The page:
Many of those now getting swoll in living rooms and basements won’t be returning to their gyms after the COVID-19 crisis subsides. They’re experiencing first-hand just how convenient and cost-effective it can be to exercise at home. You don’t need a ton of gear: exercise bands, also known as resistance bands, are a clutch addition to any home workout arsenal. They allow you to target specific muscles, work them in different ways, and continuously challenge yourself by changing things up.
According to 19-time world champion power lifter Robert Herbst, resistance bands are a great place to start your fitness quest. “From small, high-volume shoulder movements to heavy exercises like push-ups and squats, there are just so many ways to use them,” he says. “With good technique and the proper amount of tension, you can really get a really solid workout.”
Resistance bands can be sheet, looped, or tube. Sheet bands are literal sheets of latex; they’re your entry point because they’re the easiest type to use. You wrap them around your hands or feet, and use them for warmups or stretches. Looped bands, like a rubber band, are circular and are used for both upper and lower body workouts, and for moves like banded walks, glute bridges, or ab workouts. Tube bands are thick tubes with handles that you grip; you use them for bicep curls, upright rows, leg curls, or chest presses.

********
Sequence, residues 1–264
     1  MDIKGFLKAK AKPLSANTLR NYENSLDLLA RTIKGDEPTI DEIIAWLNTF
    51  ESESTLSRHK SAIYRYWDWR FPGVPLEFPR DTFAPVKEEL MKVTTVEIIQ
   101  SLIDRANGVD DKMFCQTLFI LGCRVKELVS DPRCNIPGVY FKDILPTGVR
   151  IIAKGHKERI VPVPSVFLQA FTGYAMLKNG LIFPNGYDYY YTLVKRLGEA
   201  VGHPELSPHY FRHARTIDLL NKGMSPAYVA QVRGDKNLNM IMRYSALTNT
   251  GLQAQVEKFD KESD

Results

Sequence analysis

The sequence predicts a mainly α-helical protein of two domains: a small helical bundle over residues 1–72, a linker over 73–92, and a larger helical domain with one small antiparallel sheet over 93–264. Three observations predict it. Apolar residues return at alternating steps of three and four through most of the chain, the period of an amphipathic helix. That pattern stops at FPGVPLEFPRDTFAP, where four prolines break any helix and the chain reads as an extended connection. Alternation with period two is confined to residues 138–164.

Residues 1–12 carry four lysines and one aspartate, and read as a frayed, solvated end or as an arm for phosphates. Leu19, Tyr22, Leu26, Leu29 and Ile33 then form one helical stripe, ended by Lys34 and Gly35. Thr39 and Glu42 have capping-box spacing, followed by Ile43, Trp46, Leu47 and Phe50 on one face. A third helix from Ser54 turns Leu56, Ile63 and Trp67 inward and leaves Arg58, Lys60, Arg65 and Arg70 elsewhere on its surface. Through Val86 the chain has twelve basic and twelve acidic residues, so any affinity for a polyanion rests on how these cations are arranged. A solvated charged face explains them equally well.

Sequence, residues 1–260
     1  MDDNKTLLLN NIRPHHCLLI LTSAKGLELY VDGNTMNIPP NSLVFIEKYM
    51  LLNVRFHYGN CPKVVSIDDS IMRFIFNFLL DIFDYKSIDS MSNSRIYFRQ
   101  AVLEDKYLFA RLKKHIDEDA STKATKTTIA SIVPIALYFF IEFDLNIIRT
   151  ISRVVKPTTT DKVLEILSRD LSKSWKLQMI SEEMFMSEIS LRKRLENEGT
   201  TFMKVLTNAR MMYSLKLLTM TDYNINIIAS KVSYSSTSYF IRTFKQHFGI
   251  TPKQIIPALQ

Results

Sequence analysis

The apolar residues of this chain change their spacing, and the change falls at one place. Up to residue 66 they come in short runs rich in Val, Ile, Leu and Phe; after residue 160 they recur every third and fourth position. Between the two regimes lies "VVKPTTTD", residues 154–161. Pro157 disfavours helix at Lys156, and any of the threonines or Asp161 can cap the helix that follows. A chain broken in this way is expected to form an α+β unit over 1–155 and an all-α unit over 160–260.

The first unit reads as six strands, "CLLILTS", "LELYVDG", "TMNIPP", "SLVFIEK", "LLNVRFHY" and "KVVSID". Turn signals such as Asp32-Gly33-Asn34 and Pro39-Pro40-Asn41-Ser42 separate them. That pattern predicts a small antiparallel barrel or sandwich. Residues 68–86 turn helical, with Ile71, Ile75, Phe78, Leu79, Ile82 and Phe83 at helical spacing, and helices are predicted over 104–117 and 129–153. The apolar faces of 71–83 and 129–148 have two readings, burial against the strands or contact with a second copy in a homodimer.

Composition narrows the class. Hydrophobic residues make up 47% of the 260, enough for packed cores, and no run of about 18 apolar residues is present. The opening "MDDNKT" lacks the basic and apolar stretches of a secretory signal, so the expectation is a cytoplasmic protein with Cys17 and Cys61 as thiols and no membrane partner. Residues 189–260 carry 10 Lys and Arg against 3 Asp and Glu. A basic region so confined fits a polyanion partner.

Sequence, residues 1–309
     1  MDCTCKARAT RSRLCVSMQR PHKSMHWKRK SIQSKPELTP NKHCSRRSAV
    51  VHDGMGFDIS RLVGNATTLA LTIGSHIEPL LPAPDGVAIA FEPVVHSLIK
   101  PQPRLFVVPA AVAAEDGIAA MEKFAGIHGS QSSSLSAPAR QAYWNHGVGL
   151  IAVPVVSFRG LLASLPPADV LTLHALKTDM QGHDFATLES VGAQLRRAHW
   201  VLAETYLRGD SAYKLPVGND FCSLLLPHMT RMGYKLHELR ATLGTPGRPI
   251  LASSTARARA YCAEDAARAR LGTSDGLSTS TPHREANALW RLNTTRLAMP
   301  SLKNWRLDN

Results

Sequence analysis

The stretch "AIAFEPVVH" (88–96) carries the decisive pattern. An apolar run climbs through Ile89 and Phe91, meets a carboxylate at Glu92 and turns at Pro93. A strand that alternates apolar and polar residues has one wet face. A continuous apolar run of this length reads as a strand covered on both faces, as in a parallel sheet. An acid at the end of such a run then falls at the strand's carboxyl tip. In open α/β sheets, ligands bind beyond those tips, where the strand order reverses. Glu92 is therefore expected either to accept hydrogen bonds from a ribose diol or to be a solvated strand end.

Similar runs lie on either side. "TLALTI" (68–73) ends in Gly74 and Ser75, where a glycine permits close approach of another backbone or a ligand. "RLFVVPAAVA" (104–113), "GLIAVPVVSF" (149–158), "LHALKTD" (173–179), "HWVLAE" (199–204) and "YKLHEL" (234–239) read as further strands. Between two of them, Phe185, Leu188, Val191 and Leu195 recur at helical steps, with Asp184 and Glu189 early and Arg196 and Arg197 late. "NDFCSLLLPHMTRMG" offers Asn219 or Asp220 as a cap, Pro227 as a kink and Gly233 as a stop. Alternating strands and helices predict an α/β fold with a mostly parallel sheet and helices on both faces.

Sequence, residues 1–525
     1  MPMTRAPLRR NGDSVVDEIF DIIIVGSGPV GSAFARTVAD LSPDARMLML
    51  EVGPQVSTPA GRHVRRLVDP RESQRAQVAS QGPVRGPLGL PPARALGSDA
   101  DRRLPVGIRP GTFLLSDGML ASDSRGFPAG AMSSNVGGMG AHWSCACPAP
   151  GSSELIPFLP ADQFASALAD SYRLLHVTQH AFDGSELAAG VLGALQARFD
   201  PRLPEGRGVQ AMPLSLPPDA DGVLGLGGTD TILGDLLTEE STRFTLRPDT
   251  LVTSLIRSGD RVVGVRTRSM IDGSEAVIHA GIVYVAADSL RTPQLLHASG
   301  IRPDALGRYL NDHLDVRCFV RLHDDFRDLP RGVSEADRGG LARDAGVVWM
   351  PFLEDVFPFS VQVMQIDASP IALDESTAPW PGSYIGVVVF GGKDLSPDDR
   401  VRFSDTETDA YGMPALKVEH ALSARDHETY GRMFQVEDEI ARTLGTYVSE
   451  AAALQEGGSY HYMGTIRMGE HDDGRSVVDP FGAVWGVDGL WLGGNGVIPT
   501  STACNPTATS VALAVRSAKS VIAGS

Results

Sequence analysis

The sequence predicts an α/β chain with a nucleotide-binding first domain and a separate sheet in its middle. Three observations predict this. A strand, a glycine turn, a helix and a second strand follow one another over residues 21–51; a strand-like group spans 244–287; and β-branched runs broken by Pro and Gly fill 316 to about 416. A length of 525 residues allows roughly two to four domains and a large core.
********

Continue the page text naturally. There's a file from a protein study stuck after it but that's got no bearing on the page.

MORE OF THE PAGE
Whichever type you choose, they’re worth your time. Aside from being ultra-portable, resistance bands tend to be far more economical than other types of home gym hardware, and take up hardly any space.
Lopped resistance bands (picture gigantic rubber bands) are great for stabilization exercises — the foundation for strength. This collection of five bands, which range from extra light (4 pounds) to extra heavy (30 pounds), is perfect for beginners or anyone with a nagging injury, and they can be mixed, matched, and combined for advanced fitness goals. That bum knee, shoulder, or ankle (maybe all three?) will thank you later.
These bands are ideal for lateral movements, shoulder stabilization exercises, and leg extensions. You strap them around your arms or legs to boost strength and stability in your upper and lower body, and you can choose between three different levels: light, medium, or heavy.
Medieval Nerf weapon? Eating utensil for giants? Nope, it’s the Gorilla Bow: a heavy-duty weightlifting bar with interchangeable cables that facilitate all kinds of push and pull exercises. The regular version offers 110 pounds of resistance total, while the heavy version goes all the way up to 330 pounds. All Gorilla Bows are made from aircraft-grade aluminum, so it won’t break when your kid hijacks it to play knights and dragons.
This slick kit comes with 5 tubes at 10, 20, 30, 40 and 50 pounds of resistance. Each one is capped with a durable carabiner, so it’s easy (and fast) to swap out the included handles. What’s more, you can stack multiple tubes on the same handle, giving you a wide range of resistance options (and up to 150 pounds total if you can manage it).
This band is designed specifically for push-ups. You can add up to 90 pounds, making it essentially like a bench press in your house — without the bench/bar/weights taking up an entire room.
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